Dorothy “Dot” Lewis, far left, was one of the 1,830 Women Airforce Service Pilots, or WASPS, during WWII.
Her son shared his tribute to his mother with us. Read his and others’ tributes to veterans.

Dorothy “Dot” Lewis, far left, was one of the 1,830 Women Airforce Service Pilots, or WASPS, during WWII.

Her son shared his tribute to his mother with us. Read his and others’ tributes to veterans.

Chronic tinnitus affects millions of Americans. It’s the most widely reported disability among veterans (even more so than PTSD) and 2 million have it to a degree so severe, it’s debilitating.
Do you have it?

Chronic tinnitus affects millions of Americans. It’s the most widely reported disability among veterans (even more so than PTSD) and 2 million have it to a degree so severe, it’s debilitating.

Do you have it?

Has a veteran made a difference in your life?

This Veterans Day, we’re collecting your stories, big and small, about veterans who have impacted your life.

Share your stories and photos with us here and they could be featured in our online feature.

Almost one million veterans are waiting for their benefit claims to be processed, according to an investigation by the Center for Investigative Reporting. One regional office in North Carolina was so overrun with claims folders that the sheer weight of their content exceeded the load-bearing capacity of the building itself.

These photos were included in a 2012 report from the Veterans Affairs Office of Inspector General. To see more photos and learn more about the backlog, go here.

Nearly 250,000 veterans wait more than a year for their medical claims to wind through the Veterans Administration before receiving their earned benefits, according to an investigation conducted by the Center for Investigative Reporting. 
Watch the interviews with Veterans Affairs Secretary Eric Shinseki and three vets about the benefits backlog here.

Nearly 250,000 veterans wait more than a year for their medical claims to wind through the Veterans Administration before receiving their earned benefits, according to an investigation conducted by the Center for Investigative Reporting.

Watch the interviews with Veterans Affairs Secretary Eric Shinseki and three vets about the benefits backlog here.

"

They wrote that dubbing the condition an injury instead of a disorder meant “we physicians believe that brain physiology has been injured by exposure to some external force, not that we are just anxious or depressed by tragic and traumatic reality.”

"The person is not ‘disordered’ but a brain function is injured," the two psychiatrists wrote. "It no longer works the way it used to."

"

Leaders in the psychiatric profession are pushing for an alternative name for post-traumatic stress disorder in an effort to reduce the stigma for military service members and veterans. But there is still no agreement among mental health luminaries and those with wartime experience about what the alternative should be — or even if there should be an alternative.

Read more

"There’s a lot of things that I’ve seen, a lot of things that veterans see during war in a combat zone that are honestly some of the ugliest things you would ever see, that you could ever even imagine — inhumane actions that are done by a veteran themselves that just make them feel like monsters," said Marine Corps veteran David Keefe. "The only people who are going to understand are veterans themselves. They feel like a community, so they can integrate into society."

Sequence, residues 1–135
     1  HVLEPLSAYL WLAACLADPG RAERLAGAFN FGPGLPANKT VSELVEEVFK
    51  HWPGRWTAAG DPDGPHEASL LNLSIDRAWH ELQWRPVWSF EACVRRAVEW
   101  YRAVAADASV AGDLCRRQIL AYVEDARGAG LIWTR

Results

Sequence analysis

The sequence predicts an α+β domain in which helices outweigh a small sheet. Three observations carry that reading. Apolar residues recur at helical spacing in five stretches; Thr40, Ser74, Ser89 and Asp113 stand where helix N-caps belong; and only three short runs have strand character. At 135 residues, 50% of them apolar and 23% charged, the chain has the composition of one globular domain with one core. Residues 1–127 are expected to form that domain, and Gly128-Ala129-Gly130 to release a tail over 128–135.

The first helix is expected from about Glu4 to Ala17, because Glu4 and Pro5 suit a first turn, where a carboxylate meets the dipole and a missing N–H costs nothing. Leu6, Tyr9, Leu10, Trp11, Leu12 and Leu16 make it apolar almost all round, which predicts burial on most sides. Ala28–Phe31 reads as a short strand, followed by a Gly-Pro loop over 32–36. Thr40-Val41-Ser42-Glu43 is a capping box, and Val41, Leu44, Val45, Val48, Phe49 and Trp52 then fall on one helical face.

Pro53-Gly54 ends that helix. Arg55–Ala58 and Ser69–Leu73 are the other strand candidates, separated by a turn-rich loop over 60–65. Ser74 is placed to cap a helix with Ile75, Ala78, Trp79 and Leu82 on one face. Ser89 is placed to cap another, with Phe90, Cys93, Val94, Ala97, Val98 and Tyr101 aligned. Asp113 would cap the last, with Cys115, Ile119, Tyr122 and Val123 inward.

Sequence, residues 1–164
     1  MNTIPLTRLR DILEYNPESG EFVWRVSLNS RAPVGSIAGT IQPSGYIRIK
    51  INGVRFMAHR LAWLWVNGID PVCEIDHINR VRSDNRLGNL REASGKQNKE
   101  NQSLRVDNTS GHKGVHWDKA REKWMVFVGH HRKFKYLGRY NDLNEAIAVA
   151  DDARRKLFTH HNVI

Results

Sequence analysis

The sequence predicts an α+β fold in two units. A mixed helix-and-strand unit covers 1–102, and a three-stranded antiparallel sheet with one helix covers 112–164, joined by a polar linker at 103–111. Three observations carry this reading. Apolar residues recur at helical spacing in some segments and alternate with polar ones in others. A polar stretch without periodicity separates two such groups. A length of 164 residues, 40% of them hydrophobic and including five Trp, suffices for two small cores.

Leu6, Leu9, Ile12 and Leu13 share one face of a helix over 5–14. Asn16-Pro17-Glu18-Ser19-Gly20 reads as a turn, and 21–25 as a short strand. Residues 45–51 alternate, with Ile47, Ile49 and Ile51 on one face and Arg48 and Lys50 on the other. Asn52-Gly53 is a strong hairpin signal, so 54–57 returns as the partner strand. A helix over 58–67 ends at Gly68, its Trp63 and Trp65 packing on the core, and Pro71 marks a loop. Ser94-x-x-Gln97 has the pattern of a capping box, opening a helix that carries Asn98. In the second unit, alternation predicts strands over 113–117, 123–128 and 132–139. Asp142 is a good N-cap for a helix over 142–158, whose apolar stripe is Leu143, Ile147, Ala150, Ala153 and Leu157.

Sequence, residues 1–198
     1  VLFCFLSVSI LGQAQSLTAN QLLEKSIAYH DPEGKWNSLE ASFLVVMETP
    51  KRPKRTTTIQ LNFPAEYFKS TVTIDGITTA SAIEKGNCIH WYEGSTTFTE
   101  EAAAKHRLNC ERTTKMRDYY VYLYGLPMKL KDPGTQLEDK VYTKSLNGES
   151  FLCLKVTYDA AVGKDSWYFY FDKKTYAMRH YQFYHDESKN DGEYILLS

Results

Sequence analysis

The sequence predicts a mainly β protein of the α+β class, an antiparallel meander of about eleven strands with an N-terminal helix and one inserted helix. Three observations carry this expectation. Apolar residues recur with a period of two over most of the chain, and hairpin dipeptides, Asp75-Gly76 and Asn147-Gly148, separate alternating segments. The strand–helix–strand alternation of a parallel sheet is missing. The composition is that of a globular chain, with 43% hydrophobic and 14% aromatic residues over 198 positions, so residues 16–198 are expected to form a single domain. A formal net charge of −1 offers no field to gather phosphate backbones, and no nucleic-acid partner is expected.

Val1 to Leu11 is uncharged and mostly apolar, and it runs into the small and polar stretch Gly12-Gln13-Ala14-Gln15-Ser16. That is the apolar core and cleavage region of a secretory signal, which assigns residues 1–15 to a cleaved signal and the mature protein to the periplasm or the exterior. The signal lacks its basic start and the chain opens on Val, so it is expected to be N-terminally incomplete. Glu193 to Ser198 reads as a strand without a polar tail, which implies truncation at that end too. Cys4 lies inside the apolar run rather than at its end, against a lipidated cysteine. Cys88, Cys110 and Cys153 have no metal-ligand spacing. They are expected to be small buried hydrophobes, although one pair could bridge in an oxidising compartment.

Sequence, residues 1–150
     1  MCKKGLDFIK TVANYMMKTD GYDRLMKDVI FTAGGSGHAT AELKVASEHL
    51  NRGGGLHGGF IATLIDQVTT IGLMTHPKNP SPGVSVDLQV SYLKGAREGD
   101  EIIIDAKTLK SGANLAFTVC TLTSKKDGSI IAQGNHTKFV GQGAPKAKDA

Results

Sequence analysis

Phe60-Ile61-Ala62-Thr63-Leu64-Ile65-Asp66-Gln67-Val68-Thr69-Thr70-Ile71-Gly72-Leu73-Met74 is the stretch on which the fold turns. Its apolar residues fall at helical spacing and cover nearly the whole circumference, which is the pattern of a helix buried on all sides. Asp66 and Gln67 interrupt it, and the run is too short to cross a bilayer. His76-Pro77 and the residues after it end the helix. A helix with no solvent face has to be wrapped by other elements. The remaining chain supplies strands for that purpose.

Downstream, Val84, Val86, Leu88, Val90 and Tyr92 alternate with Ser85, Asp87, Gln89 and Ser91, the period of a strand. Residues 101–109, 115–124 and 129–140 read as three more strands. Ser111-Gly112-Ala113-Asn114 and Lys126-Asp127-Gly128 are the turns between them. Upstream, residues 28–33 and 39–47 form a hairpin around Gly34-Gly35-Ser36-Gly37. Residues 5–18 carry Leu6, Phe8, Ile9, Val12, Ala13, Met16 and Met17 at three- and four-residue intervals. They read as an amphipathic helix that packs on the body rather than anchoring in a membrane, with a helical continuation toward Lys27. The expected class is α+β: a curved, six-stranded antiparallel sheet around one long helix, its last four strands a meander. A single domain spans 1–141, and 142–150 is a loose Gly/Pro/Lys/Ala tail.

Combat Paper: Veterans Battle War’s Demons With Paper-Making

RASUL By David KeefePrinted in January, 2012
"I couldn’t get over the fact that how much I looked like an alien to him. (I was) this big monster with all this gear on me, and this little kid was malnourished and (bowlegged). I remember going back to that same area a few times and seeing the same family just around. One time I went back and they were completely gone. … I don’t know what happened," Keefe said.
The Combat Paper Project allows veterans to repurpose uniforms into art, a process that has helped veterans make sense of their experiences in a constructive, safe and artistic environment.
Slideshow: Veterans Battle War’s Demons With Paper-Making
We’ll have more on Combat Paper tonight on NewsHour. 

RASUL 
By David Keefe
Printed in January, 2012

"I couldn’t get over the fact that how much I looked like an alien to him. (I was) this big monster with all this gear on me, and this little kid was malnourished and (bowlegged). I remember going back to that same area a few times and seeing the same family just around. One time I went back and they were completely gone. … I don’t know what happened," Keefe said.

The Combat Paper Project allows veterans to repurpose uniforms into art, a process that has helped veterans make sense of their experiences in a constructive, safe and artistic environment.

Slideshow: Veterans Battle War’s Demons With Paper-Making

We’ll have more on Combat Paper tonight on NewsHour. 

"…Oftentimes, the only acknowledgment I get is somebody handing me a handshake and saying, "Thank you for your service."
And I personally feel, if you are really grateful, go do something for a vet. Go volunteer for a charity. Go start one. Go help in some capacity.”
Four Iraq war veterans share their experiences and reflect on the personal impact of the nine-year war.

"…Oftentimes, the only acknowledgment I get is somebody handing me a handshake and saying, "Thank you for your service."

And I personally feel, if you are really grateful, go do something for a vet. Go volunteer for a charity. Go start one. Go help in some capacity.”

Four Iraq war veterans share their experiences and reflect on the personal impact of the nine-year war.